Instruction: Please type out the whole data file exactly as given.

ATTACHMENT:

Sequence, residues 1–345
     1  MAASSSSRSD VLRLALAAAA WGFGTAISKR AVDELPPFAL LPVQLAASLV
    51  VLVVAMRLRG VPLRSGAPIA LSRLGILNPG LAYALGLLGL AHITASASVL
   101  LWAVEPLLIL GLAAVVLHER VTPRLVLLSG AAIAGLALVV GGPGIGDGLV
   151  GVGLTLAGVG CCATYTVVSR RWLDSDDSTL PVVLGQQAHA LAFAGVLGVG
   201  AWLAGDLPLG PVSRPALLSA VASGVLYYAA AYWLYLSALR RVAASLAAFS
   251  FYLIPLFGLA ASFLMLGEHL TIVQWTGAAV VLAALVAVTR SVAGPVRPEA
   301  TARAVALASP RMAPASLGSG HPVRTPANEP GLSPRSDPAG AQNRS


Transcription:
Sequence, residues 1–345
     1  MAASSSSRSD VLRLALAAAA WGFGTAISKR AVDELPPFAL LPVQLAASLV
    51  VLVVAMRLRG VPLRSGAPIA LSRLGILNPG LAYALGLLGL AHITASASVL
   101  LWAVEPLLIL GLAAVVLHER VTPRLVLLSG AAIAGLALVV GGPGIGDGLV
   151  GVGLTLAGVG CCATYTVVSR RWLDSDDSTL PVVLGQQAHA LAFAGVLGVG
   201  AWLAGDLPLG PVSRPALLSA VASGVLYYAA AYWLYLSALR RVAASLAAFS
   251  FYLIPLFGLA ASFLMLGEHL TIVQWTGAAV VLAALVAVTR SVAGPVRPEA
   301  TARAVALASP RMAPASLGSG HPVRTPANEP GLSPRSDPAG AQNRS